As is clear from FIGS. 11 and 14, that portion of patch connector 100 which is adapted to be received by terminals from a terminal block has a substantially rectangular configuration. However, from about the lips 128, 130 of the mid section of body portion 102, the configuration of patch connector 100 changes. In this area of body portion 102, the general shape of the body converges at converging sidewalls 140 to a rear section which preferably includes a strain relief mechanism. As is shown in FIGS. 11, 12, 14 and 15, the strain relief mechanism is located in a handle 142 which is used by the installer to install patch connector 100 onto a terminal block or the like. Handle 142 includes oppositely disposed serrated edges 144 which aid the installer in achieving a firm grip with patch connector 100. Within handle 142 is a rectangularly shaped opening 146 defined by two parallel sidewalls 148 (each sidewall 148 including serrated edges 144 thereon) and a pair of transverse walls 152 and 154. Transverse walls 152 and 154 each include aligned grooves 156 and 158 for the purpose of receiving a cable (shown at 160 in FIG. 15) therein. A lateral extension member 162 extends into opening 146 from sidewall 148. Lateral extension 162 is spaced from opposite sidewall 150. In this way, a cable 160 is placed onto recesses 156 and 158 and looped under lateral extension 162 as shown in FIG. 15. As a result, strain is relieved from cable 160 thereby avoiding serious problems stemming from disconnection of the conductors in cable 160 from the bridge clips as discussed hereinafter.
Referring now to FIGS. 16-18, the upper body portion or cover plate 104 will now be discussed. Cover plate 104 includes an upper planar section 164. Flattened portion 164 terminates at a front face 166 which, subsequent to assembly, corresponds to and is coterminous with front face 106 on lower body portion 102. Front face 166 includes a pair of stand-off extensions 168 which are used for the same purpose as stand-off extensions 124 on body portion 102. Stand-off sections 168 are coplanar with top surface 164. Extending from front surface 166 and transverse to top surface 164 are a pair of resilient latches 170 which terminate at a hook portion 172. It will be appreciated that during assembly of patch connector 100, resilient latches 170 are received within channels 128 of body portion 102 whereupon latch member 172 will outwardly deflect and then snap back and be retained by wall 126.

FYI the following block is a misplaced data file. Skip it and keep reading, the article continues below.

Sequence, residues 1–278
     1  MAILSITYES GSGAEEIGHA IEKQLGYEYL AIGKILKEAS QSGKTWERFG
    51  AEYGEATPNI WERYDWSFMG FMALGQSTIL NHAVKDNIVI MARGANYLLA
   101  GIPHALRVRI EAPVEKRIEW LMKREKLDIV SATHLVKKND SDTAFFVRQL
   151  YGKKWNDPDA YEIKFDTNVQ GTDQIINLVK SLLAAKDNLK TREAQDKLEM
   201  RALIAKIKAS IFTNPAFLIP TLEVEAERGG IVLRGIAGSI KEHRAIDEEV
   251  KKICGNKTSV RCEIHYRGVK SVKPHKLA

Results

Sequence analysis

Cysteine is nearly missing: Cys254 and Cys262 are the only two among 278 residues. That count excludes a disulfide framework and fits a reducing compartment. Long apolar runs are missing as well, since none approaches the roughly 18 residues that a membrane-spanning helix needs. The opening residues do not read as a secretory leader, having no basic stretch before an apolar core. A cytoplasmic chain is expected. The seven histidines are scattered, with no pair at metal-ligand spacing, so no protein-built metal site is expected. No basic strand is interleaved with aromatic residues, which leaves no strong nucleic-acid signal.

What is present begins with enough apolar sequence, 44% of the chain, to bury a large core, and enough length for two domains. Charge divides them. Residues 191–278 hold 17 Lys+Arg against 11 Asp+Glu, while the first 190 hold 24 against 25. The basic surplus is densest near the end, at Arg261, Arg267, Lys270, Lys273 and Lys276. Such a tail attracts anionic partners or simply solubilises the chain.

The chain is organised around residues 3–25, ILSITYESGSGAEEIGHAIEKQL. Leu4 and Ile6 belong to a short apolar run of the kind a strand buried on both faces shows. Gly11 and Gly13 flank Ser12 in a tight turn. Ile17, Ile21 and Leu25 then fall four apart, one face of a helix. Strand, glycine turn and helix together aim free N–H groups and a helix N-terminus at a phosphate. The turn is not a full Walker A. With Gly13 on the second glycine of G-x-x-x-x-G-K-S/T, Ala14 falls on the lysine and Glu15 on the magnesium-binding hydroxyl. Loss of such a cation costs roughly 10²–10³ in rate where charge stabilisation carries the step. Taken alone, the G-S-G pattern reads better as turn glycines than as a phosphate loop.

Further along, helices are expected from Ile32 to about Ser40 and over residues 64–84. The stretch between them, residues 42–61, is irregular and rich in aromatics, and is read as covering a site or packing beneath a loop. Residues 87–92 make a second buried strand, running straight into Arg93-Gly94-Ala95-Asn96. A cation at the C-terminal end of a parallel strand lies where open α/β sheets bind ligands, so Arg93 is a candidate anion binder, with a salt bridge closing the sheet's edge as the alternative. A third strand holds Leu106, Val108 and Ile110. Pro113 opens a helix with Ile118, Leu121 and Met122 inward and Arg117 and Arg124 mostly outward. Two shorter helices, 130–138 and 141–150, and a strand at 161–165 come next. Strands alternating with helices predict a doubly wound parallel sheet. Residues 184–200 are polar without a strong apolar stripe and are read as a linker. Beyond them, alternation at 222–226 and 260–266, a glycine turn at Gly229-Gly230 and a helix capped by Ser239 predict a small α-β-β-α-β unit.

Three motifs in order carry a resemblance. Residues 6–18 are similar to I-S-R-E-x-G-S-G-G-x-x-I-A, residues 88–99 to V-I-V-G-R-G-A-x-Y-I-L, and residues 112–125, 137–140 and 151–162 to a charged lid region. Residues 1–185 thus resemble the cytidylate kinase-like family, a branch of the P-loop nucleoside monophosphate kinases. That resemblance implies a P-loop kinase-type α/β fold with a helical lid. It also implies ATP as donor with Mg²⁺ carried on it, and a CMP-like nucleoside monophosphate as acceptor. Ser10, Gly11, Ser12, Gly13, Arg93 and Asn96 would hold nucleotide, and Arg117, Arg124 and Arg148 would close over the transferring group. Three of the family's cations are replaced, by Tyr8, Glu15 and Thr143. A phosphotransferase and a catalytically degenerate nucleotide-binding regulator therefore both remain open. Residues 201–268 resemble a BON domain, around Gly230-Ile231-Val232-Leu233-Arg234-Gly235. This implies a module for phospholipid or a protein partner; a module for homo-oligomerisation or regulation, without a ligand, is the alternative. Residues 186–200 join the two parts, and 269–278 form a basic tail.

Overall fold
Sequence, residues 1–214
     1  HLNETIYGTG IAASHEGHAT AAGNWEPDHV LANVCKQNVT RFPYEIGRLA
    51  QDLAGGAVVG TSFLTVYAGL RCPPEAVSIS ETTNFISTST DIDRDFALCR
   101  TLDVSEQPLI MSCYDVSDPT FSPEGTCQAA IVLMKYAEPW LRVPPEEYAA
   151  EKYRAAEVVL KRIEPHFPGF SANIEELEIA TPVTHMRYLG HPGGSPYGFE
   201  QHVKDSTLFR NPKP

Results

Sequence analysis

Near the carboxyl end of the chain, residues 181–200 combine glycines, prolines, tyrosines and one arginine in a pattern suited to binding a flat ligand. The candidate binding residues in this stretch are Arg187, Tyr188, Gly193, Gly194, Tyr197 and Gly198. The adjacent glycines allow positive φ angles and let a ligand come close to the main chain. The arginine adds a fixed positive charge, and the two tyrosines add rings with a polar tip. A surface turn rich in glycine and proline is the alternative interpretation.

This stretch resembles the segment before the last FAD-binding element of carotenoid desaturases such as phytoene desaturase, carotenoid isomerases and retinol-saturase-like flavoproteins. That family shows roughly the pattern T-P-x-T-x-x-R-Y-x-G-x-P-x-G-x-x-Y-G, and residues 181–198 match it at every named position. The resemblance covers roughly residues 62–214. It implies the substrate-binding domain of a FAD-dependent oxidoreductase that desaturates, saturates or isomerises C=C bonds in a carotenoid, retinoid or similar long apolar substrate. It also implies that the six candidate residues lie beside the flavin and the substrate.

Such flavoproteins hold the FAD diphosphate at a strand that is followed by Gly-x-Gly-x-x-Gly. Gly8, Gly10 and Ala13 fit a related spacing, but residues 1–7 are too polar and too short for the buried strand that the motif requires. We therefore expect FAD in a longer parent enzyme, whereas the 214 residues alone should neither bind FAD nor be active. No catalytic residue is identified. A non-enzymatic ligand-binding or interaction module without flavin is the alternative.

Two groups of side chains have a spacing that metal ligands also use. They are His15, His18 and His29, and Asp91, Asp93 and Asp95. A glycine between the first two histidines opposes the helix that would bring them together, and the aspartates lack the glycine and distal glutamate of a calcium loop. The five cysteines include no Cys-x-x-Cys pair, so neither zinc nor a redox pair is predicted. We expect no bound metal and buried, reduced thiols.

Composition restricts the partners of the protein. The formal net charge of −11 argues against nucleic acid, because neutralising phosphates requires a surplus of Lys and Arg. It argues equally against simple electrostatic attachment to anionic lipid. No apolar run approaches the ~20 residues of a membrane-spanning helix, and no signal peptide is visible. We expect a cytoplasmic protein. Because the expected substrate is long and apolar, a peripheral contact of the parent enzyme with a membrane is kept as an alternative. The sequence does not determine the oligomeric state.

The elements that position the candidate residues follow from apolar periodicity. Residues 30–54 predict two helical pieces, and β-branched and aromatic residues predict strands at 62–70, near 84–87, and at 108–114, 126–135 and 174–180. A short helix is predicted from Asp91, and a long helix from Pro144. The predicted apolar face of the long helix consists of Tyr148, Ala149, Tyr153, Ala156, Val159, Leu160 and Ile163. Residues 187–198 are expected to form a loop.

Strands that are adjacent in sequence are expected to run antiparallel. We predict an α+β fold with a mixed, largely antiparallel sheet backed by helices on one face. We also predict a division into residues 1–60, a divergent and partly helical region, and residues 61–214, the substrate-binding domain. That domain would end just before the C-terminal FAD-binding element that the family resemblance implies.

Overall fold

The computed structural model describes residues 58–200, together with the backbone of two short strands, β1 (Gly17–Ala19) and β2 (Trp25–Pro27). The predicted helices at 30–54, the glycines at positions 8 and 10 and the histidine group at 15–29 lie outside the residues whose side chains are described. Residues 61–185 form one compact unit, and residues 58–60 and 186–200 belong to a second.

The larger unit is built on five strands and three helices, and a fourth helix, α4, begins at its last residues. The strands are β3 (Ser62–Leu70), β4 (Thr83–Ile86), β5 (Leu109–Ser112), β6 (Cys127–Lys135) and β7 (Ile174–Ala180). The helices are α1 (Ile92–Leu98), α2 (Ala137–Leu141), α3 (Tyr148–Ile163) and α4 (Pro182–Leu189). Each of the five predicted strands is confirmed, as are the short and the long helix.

Cover 104 also includes a rear face 174 which communicates between a pair of side faces 176 and 178. At the junction between side faces 176, 178 and rear face 174 are two depending and resilient dual detent arm structures shown generally at 180. Depending arms 180 each include a pair of lateral spaced fingers 184 and 186. The junctures between lateral fingers 184 and arms 180 define therebetween a first shelf 188 and the junctures between fingers 186 and arms 180 define therebetween a second shelf 190. Depending arms 180 and the respective shelves 188 and 190 are adapted to be received by lips 12 and 130 on lower body 102 as will be discussed with reference to FIGS. 19-21. Between depending arms 180 is a block 192 which includes a plurality of cylindrical openings 194 therethrough. As shown in FIG. 18, openings 194 are sized to receive a conductor 196. The rear end of each cylindrical opening 194 includes a frustoconical section 198 which aids in receiving wire 196 and guiding it towards cylindrical opening 194. Spaced a preselected distance from the outlet of each cylindrical opening 194 is a retaining wall 200 which acts as a stop to a conductor 196 which has been brought through each cylindrical opening 194.
As in lower body portion 102, cover portion 104 also includes bridge clip alignment ridges 120' and ribs 122' (aligned with ridges 120') for engaging the stripping slot of a bridge clip.
Turning now to FIGS. 19-21, assembly views of the patch connector of the second embodiment of the present invention are shown. In FIGS. 19A and 19B, exploded views are shown prior to assembly wherein a plurality (in this case six) of connector elements or bridge clips 112 are loaded into each cavity 110. Next, top body portion or cover 104 is suspended over lower body section 102 such that resilient latches 170 align with the channels 128 and depending arms 180 are aligned with the respective lips 128 and 130 on main body portion 102.